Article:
WW2010
University of Illinois

WW2010
 
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4/19 IL Tornadoes
 
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How It Happened
 
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> wind shear
 
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Wind Shear
a key ingredient to tornado outbreak

Another key ingredient supporting the development of tornadoes is what is known as Wind Shear. Wind shear is basically the change of wind speed or direction over a given distance. For tornadoes to develop, significant speed and directional wind shear with height is very important.

[Image: 2100 4/19 surface winds and pressure (31K)]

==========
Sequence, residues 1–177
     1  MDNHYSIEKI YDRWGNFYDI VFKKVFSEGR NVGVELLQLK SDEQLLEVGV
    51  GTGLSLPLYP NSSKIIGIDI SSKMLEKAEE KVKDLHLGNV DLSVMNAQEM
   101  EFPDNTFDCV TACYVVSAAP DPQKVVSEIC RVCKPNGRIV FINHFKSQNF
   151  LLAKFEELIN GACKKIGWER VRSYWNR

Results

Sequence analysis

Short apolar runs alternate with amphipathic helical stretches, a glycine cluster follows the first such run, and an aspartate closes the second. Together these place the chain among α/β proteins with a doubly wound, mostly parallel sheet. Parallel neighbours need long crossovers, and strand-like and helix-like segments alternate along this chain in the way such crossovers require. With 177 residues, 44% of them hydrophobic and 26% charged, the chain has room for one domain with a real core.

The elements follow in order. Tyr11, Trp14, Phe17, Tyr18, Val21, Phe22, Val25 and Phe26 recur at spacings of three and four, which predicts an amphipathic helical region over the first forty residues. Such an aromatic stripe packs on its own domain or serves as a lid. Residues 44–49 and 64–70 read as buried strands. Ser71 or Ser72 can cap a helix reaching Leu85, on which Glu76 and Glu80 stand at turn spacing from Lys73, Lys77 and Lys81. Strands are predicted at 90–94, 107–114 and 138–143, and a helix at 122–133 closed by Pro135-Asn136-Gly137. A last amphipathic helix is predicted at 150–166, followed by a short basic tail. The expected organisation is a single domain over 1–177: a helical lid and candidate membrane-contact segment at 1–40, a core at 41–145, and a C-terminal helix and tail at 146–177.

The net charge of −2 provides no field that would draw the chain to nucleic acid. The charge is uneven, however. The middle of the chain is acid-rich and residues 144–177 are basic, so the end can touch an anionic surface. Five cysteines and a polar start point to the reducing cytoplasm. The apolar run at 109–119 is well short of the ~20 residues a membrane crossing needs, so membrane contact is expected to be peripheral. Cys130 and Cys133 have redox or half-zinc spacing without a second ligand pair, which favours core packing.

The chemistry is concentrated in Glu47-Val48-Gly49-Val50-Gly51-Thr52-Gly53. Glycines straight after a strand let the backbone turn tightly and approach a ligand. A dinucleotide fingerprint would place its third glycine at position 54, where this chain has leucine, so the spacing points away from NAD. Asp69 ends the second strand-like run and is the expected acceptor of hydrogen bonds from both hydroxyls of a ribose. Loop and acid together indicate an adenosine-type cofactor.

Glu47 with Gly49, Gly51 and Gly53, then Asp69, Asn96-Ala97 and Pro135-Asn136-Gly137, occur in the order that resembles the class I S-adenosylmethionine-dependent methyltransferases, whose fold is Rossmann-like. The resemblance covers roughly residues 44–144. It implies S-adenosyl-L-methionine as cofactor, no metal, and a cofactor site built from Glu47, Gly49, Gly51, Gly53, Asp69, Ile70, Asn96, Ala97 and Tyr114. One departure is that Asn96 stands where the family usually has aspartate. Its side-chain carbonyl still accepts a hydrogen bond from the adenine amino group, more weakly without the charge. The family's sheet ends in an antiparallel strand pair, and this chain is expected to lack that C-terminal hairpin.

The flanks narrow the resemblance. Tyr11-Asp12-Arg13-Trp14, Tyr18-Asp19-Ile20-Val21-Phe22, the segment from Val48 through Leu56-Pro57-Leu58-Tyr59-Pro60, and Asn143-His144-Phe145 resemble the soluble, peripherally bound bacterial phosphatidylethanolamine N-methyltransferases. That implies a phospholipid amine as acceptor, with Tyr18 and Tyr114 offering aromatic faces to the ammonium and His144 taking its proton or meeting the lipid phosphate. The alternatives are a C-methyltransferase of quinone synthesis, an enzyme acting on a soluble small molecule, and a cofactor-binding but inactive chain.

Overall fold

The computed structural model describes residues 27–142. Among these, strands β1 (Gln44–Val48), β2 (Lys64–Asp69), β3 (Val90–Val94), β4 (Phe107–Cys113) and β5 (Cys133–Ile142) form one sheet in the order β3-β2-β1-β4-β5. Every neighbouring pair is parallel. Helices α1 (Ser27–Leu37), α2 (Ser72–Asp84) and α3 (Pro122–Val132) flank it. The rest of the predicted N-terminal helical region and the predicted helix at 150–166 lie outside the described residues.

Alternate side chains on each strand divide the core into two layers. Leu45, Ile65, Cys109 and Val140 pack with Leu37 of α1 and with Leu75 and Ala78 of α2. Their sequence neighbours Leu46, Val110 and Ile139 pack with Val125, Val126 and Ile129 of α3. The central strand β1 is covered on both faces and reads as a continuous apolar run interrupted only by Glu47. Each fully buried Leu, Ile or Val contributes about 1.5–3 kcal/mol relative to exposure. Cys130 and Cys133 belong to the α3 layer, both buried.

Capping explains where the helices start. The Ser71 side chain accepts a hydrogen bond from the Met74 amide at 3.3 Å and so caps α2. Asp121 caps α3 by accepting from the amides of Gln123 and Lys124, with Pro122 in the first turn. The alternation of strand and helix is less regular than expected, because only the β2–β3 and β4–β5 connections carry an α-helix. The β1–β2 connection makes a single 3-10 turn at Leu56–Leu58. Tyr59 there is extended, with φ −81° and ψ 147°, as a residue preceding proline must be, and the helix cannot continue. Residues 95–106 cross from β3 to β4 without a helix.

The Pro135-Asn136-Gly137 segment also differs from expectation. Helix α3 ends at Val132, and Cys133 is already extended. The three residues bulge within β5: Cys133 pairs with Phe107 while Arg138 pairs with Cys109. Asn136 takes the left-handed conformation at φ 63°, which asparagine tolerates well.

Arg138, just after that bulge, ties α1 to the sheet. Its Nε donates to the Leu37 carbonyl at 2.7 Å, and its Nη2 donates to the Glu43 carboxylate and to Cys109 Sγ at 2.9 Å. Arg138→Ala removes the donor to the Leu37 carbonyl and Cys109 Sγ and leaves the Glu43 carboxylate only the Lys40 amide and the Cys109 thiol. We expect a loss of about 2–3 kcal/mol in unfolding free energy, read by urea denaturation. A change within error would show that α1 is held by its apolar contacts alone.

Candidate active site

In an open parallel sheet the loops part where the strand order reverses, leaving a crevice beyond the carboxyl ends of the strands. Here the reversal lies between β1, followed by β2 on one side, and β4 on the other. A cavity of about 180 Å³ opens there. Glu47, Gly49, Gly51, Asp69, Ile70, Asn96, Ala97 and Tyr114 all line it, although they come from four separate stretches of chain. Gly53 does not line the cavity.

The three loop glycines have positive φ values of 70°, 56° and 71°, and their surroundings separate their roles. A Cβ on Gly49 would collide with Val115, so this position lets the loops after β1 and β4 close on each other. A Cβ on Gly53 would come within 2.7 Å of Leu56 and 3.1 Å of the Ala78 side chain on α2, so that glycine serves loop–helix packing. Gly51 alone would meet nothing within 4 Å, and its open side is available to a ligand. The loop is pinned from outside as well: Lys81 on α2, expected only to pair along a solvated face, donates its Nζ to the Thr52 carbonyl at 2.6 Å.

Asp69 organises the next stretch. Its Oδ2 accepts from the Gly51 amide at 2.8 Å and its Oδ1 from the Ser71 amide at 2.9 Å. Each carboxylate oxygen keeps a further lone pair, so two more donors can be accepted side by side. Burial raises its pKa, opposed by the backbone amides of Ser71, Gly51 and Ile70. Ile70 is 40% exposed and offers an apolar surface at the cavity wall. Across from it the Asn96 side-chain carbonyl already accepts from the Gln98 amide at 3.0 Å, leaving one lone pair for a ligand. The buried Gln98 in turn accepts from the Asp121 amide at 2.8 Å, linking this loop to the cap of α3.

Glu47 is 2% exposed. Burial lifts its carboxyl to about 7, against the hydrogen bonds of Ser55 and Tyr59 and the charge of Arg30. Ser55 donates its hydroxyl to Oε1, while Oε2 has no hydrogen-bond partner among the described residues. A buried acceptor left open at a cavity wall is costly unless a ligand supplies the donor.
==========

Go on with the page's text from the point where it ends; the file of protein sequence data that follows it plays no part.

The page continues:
With the low pressure center located in southwestern Iowa, and winds flowing counterclockwise around it, surface winds at 21Z, or 4:00 PM CDT, were generally from the southeast throughout much of east-central Illinois (shown by the arrows). As analyzed a short time later, mid level winds near 700 mb have veered around and were blowing from the southwest (see panel below).

[Image: 0000 4/20 700 mb winds and heights (28K)]

This indicates strong directional wind shear over the lower atmosphere, a vital component for tornado development. The vertical wind profile was also evident in the sounding from nearly the same time.



instability
Terms for using data resources. CD-ROM available.
Credits and Acknowledgments for WW2010.
Department of Atmospheric Sciences (DAS) at
the University of Illinois at Urbana-Champaign.

shear profile